even us veteran teams - I cant tell you how many times Ive called the Xcats, or the Kodak team, or one of the other locals when I was in a pinch at 2PM on a saturday afternoon. (it helps that the xcats site is only a mile from our site too :c)

Hey guys!!!

The SINGLE THING that will help you more than ANYTHING ELSE in the competition is PRACTICE driving!! For a new team it is imperative to get the robot driving around and get your drivers to practice practice practice practice with it… Don’t worry about much else than a drive train and maybe something to push with. I guarantee you that you will have fun and contribute to your alliance every single time if you have a working drive train and the ability to scoot around the field with dexterity.

I have seen quite a number of robots that were fantastically designed fail in competition for many reasons. Get a solid robust simple drive train and drive the heck out of it. Make a barrier that you can safely push against or run into and ram it and push against it (within reason) Find out if your drive train and chassis will hold up or break it and then reinforce the areas where it is breaking.


You will do fine!! I wish we were in New Hampshire… we would love to come over and help… but I am sure some of the other teams will!!!
You have joined a fraternity … we are all brothers!!! (sisters too!!!)
Good luck and don’t ever hesitate to ask for help from anyone!!

a few ideas regarding the plow design were memntioned…pneumatics for the ACTUAL plow could be bad because once they get bent, they become completely useless…and it’s not that hard to bend something like that…it’s also possible that you could start with the arm plow thing raised up at a 90 degree angle at the edge of your robot controlled by a pneumatic piston and drop them when you need to…if you build the arms long enough, you could also knock the 10pt ball…though arm stability can be a problem too…the pneumatic piston for that 10pt ball is a good idea…just shoot it out when your in proximity in autonomous…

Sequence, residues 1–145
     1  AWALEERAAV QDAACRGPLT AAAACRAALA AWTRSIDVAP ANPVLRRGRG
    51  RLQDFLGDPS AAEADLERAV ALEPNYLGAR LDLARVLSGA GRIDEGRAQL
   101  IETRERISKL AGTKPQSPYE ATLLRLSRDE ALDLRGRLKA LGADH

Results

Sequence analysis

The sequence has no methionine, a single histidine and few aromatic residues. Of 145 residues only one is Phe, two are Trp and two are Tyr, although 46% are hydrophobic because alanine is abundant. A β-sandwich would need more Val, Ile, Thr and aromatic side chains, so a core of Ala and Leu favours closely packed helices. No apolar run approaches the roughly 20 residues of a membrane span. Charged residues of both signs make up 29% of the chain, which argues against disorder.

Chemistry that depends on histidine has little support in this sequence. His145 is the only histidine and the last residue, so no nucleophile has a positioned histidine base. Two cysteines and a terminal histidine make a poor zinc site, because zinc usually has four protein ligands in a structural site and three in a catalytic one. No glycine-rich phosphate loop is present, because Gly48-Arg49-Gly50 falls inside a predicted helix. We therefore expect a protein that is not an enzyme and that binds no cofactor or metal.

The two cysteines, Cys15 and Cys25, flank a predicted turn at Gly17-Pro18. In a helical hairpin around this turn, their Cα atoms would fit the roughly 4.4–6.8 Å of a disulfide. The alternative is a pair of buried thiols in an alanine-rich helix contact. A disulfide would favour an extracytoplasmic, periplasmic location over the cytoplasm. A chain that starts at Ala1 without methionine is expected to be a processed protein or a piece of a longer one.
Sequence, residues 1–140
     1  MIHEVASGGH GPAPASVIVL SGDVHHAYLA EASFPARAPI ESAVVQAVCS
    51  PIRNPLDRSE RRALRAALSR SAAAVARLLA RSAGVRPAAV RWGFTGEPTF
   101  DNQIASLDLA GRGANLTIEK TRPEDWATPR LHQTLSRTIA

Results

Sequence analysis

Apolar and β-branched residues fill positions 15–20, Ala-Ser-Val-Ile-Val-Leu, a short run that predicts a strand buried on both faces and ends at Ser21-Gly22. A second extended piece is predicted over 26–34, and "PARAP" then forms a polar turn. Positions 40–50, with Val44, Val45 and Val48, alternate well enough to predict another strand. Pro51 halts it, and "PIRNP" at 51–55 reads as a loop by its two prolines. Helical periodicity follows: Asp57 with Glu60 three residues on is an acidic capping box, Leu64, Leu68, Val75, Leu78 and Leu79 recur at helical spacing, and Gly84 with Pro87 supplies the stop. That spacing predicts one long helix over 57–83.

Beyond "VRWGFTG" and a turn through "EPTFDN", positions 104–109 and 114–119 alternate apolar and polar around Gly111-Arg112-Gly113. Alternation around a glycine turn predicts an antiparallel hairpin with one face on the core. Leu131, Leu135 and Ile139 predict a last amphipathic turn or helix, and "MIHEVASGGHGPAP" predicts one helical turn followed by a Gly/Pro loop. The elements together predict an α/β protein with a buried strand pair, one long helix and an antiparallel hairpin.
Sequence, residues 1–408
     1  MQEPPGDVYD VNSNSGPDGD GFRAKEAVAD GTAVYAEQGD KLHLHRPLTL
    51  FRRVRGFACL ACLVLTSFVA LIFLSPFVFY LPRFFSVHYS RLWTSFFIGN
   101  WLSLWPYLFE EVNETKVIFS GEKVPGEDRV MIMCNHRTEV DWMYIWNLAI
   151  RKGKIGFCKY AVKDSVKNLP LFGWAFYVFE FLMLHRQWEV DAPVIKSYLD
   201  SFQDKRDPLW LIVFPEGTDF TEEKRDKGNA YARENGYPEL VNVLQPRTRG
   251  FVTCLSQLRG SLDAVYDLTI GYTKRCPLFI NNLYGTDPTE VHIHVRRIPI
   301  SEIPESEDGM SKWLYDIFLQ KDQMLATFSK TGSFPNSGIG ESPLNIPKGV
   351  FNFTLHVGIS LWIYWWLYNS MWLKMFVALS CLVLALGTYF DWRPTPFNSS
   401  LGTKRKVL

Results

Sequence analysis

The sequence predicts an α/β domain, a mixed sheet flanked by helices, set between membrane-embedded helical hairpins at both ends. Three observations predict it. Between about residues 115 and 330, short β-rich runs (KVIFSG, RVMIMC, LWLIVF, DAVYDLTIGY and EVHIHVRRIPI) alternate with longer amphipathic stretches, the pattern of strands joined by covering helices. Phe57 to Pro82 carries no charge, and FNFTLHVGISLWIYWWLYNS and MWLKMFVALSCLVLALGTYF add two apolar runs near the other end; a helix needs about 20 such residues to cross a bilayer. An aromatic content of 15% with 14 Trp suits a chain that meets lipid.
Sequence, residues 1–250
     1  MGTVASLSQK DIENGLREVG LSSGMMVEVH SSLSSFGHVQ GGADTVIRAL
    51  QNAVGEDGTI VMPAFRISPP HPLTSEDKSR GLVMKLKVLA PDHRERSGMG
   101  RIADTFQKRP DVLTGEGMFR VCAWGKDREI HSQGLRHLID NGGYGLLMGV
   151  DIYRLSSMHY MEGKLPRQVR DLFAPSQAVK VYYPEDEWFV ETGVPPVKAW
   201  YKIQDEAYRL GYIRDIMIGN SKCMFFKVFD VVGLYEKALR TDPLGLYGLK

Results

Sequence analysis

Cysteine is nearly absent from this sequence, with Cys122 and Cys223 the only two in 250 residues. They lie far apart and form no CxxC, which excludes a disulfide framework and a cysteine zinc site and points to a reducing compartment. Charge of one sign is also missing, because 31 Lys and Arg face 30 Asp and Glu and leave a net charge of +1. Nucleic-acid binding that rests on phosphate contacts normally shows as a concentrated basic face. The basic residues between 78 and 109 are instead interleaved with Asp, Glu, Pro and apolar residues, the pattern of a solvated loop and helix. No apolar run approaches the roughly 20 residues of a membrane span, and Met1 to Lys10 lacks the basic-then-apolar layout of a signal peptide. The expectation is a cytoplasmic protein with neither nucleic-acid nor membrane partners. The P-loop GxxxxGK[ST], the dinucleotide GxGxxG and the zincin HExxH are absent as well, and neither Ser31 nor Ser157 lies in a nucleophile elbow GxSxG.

a mentor at our team also mentioned that we could have built a simple drive train within a two week period of time using only the kit parts and then we’d have the following 4 to learn to drive it like no other. that seriously isn’t bad advice to build a bot that owns in driving…just driving…

If you do decide on pnuematic anything, make sure it is not just the cylinder rod moving the part. If it could get hit, have the cylinder inside some square tube or extrusion. That way the piston rod does not get bent.

I realize this isn’t exactly what you’re looking for, but as far as strategies goes, this one works pretty well.

The best advice I can give, for your team as a whole, is you’re only as strong as your weakest player. If you’ve got someone on your team (a senior, freshman, whatever - it doesn’t matter) that doesn’t understand what’s going on, or what the team is doing, then that’s how much your team, as a whole, understands. Try to take the students who don’t know what to do and teach them. Spend a couple of minutes showing them what you’re doing and why you’re doing it.

Another thing - pass on the knowledge. Say you’re a expert on using the mill, the only one on the team who can do it, and the kid next to you can’t tell the difference between a mill and a drill bit. Teach them. Take an hour and show them how to do square up a block of delrin. Once they’ve got that down, show them how to machine something a little more difficult. Not only will you have taught someone something new, but you doubled your machining capability!

Good luck!